'˜We don't want this to happen to anyone else'

An Earlston couple were left horrified after seeing their dog viciously attacked by a foster dog from Spain, and they are now warning fellow Borderers to think twice about dealing with a rehoming charity.

By The Newsroom
Thursday, 2nd August 2018, 3:20 pm
Updated Thursday, 2nd August 2018, 3:22 pm
Family  pet 'Turbo' with owner Stuart Drynan and kids Kaitlynn and Blake
Family pet 'Turbo' with owner Stuart Drynan and kids Kaitlynn and Blake

Ema Drynan’s pet Turbo lost a leg in the attack by English bull terrier-cross Poppy, a rescue dog she agreed to rehome because she was told it was going to be put down otherwise.

Crucially, however, she claims that erstwhile friend Cassie Mowat, a worker for Spanish Dog Rescue, failed to disclose that Poppy had killed three cats and bitten a child while with a previous owner.

Ema, 33, who lives with husband Stuart and two children, Blake, three, and Kaitlynn, six, says she is shocked that her former pal would even consider trying to rehome Poppy in a home with children again.

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Jenn Johnson's Facebook post after Poppy had killed three cats and bit a child at her previous foster home

She said: “Cassie told me Poppy had not settled with her previous family and she was going to be put down unless they could find her another home.

“We are all dog lovers. We have two dogs, Diesel and Turbo, who we explained to Cassie have the odd scuffle but nothing serious.

“Cassie came to our house and we asked if she had any concerns about Poppy, and she said no. We took her in in March, and it was all fine until one day Turbo happened to be lying on a blanket Poppy wanted and she went for him.

“She bit into his leg and started ragging him, as if she wanted to pull his leg off.

“We managed to pull her off him, but she just latched on again. It was a mess. There was flesh hanging, and I thought she had bitten his penis off.

“We got Turbo to the vet, who took him in. He was in for over a week, and he eventually had to have his leg removed.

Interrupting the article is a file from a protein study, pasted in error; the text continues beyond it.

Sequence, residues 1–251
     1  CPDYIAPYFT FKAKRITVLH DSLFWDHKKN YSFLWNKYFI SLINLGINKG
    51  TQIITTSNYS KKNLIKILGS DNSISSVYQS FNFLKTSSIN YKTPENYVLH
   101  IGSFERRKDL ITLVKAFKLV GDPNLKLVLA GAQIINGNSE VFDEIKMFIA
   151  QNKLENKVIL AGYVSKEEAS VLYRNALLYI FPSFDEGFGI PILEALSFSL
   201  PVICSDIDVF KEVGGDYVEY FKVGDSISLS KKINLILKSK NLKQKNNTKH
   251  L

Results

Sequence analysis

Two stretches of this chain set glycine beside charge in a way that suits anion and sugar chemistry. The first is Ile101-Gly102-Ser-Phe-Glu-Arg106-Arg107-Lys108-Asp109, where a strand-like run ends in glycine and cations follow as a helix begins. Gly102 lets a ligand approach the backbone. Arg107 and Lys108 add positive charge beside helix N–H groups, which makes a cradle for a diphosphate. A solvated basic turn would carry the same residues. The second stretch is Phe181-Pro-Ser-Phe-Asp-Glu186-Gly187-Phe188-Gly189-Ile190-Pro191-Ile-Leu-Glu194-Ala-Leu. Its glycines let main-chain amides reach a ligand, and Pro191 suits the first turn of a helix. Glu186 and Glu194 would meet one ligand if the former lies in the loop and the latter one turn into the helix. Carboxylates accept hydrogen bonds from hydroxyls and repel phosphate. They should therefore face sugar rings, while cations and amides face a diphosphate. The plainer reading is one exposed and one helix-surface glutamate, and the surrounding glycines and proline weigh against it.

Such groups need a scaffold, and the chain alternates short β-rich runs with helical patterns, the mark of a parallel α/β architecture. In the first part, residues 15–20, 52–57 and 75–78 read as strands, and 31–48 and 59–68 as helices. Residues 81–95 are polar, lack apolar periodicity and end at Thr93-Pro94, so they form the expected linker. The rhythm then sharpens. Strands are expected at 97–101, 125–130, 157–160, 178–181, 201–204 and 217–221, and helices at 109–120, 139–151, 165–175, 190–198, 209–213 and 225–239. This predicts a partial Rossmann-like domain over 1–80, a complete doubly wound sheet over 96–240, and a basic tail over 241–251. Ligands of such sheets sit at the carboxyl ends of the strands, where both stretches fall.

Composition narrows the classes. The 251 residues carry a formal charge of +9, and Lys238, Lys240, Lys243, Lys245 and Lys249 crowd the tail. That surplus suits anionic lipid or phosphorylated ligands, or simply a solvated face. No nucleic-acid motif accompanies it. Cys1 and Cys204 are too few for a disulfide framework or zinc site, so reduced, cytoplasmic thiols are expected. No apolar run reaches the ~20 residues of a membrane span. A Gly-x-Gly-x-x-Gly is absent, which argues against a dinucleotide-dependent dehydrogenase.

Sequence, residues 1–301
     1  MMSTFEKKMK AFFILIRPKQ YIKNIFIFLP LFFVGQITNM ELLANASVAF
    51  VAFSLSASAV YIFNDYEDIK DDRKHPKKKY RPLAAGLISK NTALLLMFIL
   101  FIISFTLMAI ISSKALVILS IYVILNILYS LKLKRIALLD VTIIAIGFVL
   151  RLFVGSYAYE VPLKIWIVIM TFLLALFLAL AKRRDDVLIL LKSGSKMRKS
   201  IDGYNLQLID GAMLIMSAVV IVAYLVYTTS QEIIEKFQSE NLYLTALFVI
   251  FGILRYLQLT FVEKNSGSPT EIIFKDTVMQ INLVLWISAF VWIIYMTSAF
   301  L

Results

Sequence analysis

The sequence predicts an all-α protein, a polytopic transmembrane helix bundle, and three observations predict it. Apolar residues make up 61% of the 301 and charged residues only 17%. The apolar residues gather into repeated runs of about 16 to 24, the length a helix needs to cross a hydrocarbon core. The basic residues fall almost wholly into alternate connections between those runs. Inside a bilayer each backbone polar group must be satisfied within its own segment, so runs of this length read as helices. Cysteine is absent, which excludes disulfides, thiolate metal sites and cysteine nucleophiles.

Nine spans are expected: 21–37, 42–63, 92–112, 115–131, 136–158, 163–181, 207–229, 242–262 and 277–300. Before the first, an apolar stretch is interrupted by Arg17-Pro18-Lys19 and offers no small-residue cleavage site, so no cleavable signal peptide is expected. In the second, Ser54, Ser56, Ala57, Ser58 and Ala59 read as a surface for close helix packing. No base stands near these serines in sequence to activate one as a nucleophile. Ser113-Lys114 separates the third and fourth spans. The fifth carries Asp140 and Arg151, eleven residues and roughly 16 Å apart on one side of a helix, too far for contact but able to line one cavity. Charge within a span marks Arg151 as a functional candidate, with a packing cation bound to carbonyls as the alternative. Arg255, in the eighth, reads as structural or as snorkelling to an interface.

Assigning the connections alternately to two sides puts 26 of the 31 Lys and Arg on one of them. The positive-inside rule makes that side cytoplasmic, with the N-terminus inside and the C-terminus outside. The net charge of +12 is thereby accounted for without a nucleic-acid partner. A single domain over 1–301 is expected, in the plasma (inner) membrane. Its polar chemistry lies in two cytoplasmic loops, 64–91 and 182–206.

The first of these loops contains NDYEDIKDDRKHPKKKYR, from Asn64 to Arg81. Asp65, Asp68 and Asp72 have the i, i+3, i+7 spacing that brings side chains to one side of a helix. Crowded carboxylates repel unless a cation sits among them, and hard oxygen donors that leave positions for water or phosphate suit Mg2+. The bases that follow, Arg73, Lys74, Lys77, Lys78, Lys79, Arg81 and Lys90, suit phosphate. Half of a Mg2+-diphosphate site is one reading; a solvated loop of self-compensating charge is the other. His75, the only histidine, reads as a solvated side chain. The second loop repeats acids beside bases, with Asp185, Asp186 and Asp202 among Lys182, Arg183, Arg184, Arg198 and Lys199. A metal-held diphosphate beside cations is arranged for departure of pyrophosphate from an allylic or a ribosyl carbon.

“We messaged Cassie and asked her if she could find another home for Poppy, and she said no, that we were Poppy’s last chance.”

Poppy had to be put down on the advice of a vet.

Ema’s husband Stuart, 37, said: “Most of these dogs are street dogs. Poppy had learned it was fight or die in many circumstances.

“Everything seemed fine, until there was a trigger – Turbo lying on a blanket Poppy wanted Once you have got to that point, there’s no going back.”

The couple were contacted by Poppy’s previous owner and informed of the dog’s violent history.

Ema added: “I’m sure Cassie and Jenn are trying their hardest to rehome all these dogs but are not doing proper home checks or disclosing prior problems.”

The charity’s founder, Jenn Johnson, of Nairn, was featured in the national press in January this year. In that story, she said she drove 48,000 miles a year in a bid to save dogs.

We tried to contact both Jenn and Cassie, but the former didn’t return our call and the latter said she was seeking legal advice as she claimed that Ema had launched a hate campaign against the two women,

Dog behaviourist Lesley Connelly, of Dundee, who helped the couple, said Poppy had rage syndrome, a condition which cannot be cured, and should not have been rehomed.

She said: “There is no medication for this. The dog has to be put down.

“A dog can be well behaved when it is among other dogs that are more dominant, but if you take it out of that situation you have a different dog.

“After Poppy had killed cats and bitten a child when with her previous owners, nobody with an ounce of conscience could ever think of rehoming her in another home with young children. What happened was terrible, but it could have been so much worse.”

As for Turbo, he seems to have come back from his traumatic episode, albeit with one leg missing.

Ema said: “Turbo is brilliant, getting along fine. He has defied all the odds and is living his life as normally as possible, but this should never have happened. I shudder to think what could have happened if one of the children was on the blanket that Poppy wanted.

“I just want to make people aware of this charity, ask them to do research and take extra caution when thinking of taking on these dogs.

“Our outcome, albeit we now have a three-legged dog, could have been a lot worse.”